Home Winterization

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Winters here!! If you haven’t winterized you home yet you need to get busy.  Winterization will help protect your home against heat loss and damage to the water pipes. It is usually performed in the fall before snow and excessive cold have arrived.

Plumbing System

Water damage caused by bursting pipes during cold weather can be devastating. A ruptured water pipe will release water and not stop until someone shuts off the water. If no one is home to do this, an enormous quantity of water can flood a house and cause thousands of dollars’ worth of damage. Broken water pipes can be costly to repair.

 Insulate your water pipes:

Insulating your pipes, especially if you have a crawl space, reduces the heat loss and can raise hot water temperatures delivered through your pipes. That will save you money on your gas bill. And by making your pipes energy efficient, you also don’t have to wait as long for hot water when you turn on the shower, which helps conserve water and time. Wrapping your pipes with insulation will also help prevent your pipes from freezing during those long cold nights. You can get pre-slit pipe foam at the hardware store. Simply cut the foam to the length you need, wrap it around the pipe, and fasten it in place with duct tape.

All exposed water pipes in cold areas, such as attics, garages, and crawlspaces, should be insulated. Insulation should cover the entirety of a pipe.

Plastic is more tolerant of cold expansion than copper or steel. Houses in colder climates might benefit from the exclusive use of approved plastic plumbing.

Water supply for exterior pipes should be shut off from inside the house and then drained.

Sprinkler systems are particularly vulnerable to cracking due to cold-weather expansion, even those with automatic drain valves. In addition to turning them, it helps to purge the system of any remaining water with compressed air.

Homeowners should be aware that much of the plumbing system travels through areas that are significantly colder than the rest of the house. Because it is impossible to monitor the temperature of every portion of the plumbing system, indoor air temperature should be kept high enough throughout the winter to keep pipes in any unheated places from freezing.
Leaks in the Building Envelope

Air Leakage

According to the U.S. Department of Energy, drafts can account for 5 to 30 percent of your energy use. Leaky window frames, door frames, and electrical outlets and switches can allow warm air to escape into the outdoors and cold air to enter the home especially on windy days.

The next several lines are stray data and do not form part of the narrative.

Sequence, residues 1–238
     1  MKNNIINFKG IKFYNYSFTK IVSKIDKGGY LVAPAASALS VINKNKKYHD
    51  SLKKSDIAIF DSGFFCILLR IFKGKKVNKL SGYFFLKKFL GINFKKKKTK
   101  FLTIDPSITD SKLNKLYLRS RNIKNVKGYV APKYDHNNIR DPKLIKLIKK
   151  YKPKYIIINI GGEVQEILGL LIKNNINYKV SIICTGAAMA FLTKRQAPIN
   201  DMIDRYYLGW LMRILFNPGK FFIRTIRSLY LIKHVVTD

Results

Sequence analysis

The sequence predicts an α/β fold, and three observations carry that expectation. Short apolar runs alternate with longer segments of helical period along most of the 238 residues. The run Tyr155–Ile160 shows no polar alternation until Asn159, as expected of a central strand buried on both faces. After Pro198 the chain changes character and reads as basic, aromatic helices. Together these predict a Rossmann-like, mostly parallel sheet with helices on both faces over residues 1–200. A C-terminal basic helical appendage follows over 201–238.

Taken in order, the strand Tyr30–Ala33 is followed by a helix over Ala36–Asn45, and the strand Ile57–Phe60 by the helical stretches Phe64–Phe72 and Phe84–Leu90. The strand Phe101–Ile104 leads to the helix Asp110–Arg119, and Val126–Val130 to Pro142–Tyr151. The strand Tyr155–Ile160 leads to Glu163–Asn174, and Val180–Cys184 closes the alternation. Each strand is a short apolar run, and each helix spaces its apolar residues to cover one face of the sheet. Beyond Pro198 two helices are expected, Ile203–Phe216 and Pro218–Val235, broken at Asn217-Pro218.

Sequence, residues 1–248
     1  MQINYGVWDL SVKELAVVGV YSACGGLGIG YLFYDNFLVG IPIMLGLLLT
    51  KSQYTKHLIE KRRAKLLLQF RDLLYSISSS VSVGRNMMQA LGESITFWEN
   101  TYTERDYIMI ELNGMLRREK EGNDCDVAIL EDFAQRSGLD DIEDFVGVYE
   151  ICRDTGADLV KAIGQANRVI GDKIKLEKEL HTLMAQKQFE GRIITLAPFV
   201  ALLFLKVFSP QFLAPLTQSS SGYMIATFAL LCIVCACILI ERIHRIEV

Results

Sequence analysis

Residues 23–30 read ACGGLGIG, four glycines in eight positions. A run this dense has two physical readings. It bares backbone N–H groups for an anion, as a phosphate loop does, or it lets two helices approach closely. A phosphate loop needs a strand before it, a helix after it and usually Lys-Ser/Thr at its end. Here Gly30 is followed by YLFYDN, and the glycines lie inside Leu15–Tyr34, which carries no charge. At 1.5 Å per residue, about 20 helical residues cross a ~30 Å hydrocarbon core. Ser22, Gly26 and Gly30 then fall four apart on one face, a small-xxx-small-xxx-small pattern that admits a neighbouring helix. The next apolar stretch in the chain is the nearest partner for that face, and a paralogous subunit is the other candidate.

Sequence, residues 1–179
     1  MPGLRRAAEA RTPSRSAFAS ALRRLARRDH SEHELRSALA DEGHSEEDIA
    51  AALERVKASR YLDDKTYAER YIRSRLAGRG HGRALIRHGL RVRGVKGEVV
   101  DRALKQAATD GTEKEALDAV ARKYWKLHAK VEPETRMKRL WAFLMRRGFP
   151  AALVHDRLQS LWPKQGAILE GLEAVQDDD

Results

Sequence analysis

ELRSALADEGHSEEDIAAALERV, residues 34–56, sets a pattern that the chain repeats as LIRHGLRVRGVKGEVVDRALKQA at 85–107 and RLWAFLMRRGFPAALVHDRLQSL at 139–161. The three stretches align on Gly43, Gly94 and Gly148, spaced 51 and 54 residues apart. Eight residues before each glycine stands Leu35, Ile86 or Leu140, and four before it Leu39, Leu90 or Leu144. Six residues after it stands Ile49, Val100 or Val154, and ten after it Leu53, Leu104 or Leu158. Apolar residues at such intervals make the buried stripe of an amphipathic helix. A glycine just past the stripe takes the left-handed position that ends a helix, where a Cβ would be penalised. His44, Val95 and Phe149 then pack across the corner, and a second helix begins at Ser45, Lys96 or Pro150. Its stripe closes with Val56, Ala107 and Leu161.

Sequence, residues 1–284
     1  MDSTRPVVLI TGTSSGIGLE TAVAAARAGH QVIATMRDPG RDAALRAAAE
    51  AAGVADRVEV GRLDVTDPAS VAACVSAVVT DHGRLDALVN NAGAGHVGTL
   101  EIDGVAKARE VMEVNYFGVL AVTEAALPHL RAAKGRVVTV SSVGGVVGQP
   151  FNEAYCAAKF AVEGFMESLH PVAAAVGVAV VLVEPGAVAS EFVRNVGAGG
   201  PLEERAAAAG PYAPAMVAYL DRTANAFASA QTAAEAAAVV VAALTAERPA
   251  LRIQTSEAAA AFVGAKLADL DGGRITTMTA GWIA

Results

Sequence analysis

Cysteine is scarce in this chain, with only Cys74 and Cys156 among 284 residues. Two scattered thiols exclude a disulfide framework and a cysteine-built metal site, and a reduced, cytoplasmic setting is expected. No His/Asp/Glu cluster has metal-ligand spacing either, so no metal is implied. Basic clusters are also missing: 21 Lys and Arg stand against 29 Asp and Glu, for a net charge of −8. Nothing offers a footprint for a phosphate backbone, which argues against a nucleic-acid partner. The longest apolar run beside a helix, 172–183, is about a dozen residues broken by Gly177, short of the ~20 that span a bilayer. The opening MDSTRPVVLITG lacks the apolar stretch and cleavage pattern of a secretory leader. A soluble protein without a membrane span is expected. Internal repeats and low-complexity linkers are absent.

Feeling for drafts with the back of your hand is an easy way to inspect for leaks around doors, windows and electrical outlets and switches.

A breezy day is a good time to walk around your home and feel for drafts. Leaks are most likely in areas where a seam exists between two or more building materials.

 You’re likely to find drafts underneath doors and near windows. If you find a leak underneath your door put a draft snake across the bottom of it. A simple rolled up bath towel will work. If you have leaks near your windows, get some weather-resistant caulk and caulk them from the outside. You can use weather stripping as well.


Because hot air rises into the attic, a disproportionately larger amount of heat is lost there than in other parts of the house. Like a winter hat that keeps a head warm, adequate attic insulation will prevent warm indoor air from escaping. Attic insulation should be 12 inches thick in cold climates. Simply adding more fiberglass insulation in your attic can increase the energy efficiency in you home. If you’re adding new insulation to your current insulation, make sure the new insulation doesn’t have a paper-backing. The paper acts as a vapor barrier and can cause problems for you down the road.

If you are able to install the insulation your self it will save you anywhere from 50 to 70 percent of the cost of having it done professionally. You can purchase fiberglass batting or loose fiberglass insulation at your local home improvement store. If you buy the loose fiberglass they have blowers for your use in installing the insulation.